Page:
Thursday, November 27, 2008

Mumbai Terror Attacks: A Colossal Intelligence Failure

The present Cong led UPA government in India is an embarrassment of massive proportions. They have been more interested in playing politics with India's security than staying alert to protecting the nation against real terror threats. In past month, they have been too busy coining and establishing a new term, "hindu terror" for narrow political ends. For this, they have dedicated a lot of attention and resources to fabricating false cases against some innocent so called "hindu terrorists". With attention of intelligence agencies, media and entire nation thus diverted to cheap games, of course, India was caught unawares of planning and execution of "real terror attacks". This is a colossal intelligence failure, probably one of the worst in history of independent India. Just imagine, how blatant and shocking these attacks have been! Foreign terrorists arriving by boats to India's western shore, landing near the financial capital of the nation. For all practical purposes, this is nothing but an invasion by a small militia! And, none of this made even a blip on radars of India's security agencies?

This present UPA government is focused on appeasing minorities and playing politics with national security ever since they came to power. One of Prime Minister Manmohan Singh's first decisions was to repeal the POTA (Prevention of Terrorist Act) law passed by the BJP-led NDA government. This was an anti-terror law, not an anti-hindu or anti-muslim law. Only the pseduo-secularists with their eyes on minority vote bank could label this as an anti-muslim law. The need of the hour is to stop playing communal politics with national security. That will go a long way in helping India do a much better job fighting terrorism and preventing future terror attacks.

The Wall Street Journal (WSJ) has reported in an article titled, "Murder in Mumbai" that "A lack of political leadership is to blame":

"A lack of political leadership is to blame. Yesterday Prime Minister Manmohan Singh promised that "every perpetrator would pay the price." Yet his Congress Party has done little more than bicker with its coalition allies over the past five years on how best to fight terrorism, as Sadanand Dhume writes here. Or it has tried to deflect responsibility by blaming Pakistan. It may pay a price for its incompetence at the national polls next year."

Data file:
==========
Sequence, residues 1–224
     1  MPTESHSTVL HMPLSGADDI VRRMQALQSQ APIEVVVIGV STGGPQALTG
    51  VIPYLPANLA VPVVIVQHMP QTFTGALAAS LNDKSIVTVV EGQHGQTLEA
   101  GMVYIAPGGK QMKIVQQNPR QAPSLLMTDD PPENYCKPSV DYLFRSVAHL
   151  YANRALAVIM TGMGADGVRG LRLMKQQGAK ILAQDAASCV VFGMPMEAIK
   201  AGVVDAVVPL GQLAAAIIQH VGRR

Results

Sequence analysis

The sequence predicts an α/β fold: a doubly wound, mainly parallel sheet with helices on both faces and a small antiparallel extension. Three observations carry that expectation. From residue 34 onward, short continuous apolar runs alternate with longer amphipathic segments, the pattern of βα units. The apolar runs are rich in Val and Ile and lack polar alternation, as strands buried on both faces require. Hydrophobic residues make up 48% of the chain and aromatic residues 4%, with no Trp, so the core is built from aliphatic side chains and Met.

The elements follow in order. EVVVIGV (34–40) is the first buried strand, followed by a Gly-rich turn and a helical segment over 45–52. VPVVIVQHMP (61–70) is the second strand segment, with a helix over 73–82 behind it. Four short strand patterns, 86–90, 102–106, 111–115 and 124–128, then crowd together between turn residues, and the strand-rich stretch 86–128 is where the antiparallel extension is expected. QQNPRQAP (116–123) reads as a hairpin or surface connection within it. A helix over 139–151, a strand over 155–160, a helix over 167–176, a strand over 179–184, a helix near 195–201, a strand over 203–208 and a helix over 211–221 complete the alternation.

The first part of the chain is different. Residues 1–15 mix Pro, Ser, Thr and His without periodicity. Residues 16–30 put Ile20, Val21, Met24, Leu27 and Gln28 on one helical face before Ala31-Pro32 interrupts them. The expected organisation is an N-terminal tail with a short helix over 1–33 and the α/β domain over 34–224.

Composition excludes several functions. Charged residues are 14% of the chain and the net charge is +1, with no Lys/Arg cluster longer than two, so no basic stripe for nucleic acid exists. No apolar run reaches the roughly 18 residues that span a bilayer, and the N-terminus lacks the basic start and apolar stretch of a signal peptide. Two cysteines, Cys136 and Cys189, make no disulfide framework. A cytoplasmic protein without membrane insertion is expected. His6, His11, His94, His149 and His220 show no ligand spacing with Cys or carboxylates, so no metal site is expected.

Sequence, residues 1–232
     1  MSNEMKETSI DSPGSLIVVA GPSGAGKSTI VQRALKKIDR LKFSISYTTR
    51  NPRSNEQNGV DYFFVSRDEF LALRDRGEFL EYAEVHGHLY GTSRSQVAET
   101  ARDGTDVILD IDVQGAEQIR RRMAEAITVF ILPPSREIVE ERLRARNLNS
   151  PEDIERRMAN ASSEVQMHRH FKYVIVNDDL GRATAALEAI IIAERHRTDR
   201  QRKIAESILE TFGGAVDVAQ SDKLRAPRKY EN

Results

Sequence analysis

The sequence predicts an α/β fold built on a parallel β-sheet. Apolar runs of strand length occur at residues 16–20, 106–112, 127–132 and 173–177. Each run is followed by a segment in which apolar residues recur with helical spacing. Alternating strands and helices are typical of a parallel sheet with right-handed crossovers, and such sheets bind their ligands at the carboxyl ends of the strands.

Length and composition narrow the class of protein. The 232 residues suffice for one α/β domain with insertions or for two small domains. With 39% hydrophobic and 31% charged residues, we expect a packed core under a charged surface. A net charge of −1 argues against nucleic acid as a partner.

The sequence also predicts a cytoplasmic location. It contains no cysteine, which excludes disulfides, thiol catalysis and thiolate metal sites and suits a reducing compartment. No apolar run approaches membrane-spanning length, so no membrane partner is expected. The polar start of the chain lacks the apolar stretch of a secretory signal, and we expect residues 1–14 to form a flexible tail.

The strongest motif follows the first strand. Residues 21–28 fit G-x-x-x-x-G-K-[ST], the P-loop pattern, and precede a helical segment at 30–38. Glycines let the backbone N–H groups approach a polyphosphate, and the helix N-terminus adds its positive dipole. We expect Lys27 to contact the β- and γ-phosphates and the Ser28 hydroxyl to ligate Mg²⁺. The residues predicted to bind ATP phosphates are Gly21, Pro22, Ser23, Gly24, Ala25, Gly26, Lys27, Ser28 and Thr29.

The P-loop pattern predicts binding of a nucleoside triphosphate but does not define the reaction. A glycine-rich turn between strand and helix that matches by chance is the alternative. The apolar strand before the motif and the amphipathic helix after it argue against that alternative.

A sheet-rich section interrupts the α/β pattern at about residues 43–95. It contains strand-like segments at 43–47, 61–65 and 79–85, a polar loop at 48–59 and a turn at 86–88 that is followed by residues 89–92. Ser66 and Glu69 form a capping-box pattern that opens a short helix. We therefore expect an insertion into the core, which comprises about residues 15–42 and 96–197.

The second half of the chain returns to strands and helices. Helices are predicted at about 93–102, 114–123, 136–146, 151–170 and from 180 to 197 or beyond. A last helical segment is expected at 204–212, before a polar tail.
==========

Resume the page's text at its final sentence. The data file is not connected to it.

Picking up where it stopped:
In another article published by WSJ, author Sadanand Dhume blames Cong-led UPA governement's scrapping of POTA:

On taking office in 2004, one of the first acts of the ruling Congress Party was to scrap a federal antiterrorism law that strengthened witness protection and enhanced police powers.

Recommended Reading:

Newsweek: Flunking the Intelligence Test
Newsweek: Right Tilt
IBNLive: Govt knew about the threat, did nothing: Arun Shourie

Wednesday, November 26, 2008

CNN Video: India Vs China

A very interesting comparative analysis of the world's two most populous and fastest growing economies, their strengths, weaknesses as well as the challenges the face as they grow:

Tuesday, November 25, 2008

Henry Paulson's Approach is Bass Ackwards

Lets get it straight. The key underlying cause of the financial crisis is income stagnation and fall in real wages of the consumers. There has been a lack of growth in well paying jobs for past several years. The debt levels, including credit card debt and mortgage debt, have risen to alarming levels. What makes the rising debt levels really alarming is that they are not supported by a concomitant rise in incomes.

Henry Paulson's approach to deal with the crisis is to re-capitalize the banks so they can start lending again. This is exactly the "bass ackwards" approach that is not going to do anything to solve the financial crisis of the century. Let me explain. The real problem is not lending, in fact, it is reckless lending to credit unworthy masses which led to the problem in the first place. We will not solve the problem by simply lending more at a time, when income levels are stagnating, number of well-paying jobs are dwindling (outsourced by globalization) and consumers are neck deep in debt (mortgage & credit cards). Getting the banks to start the lending cycle all over again would be akin to treating an alcoholic by giving him more alcohol for medicine.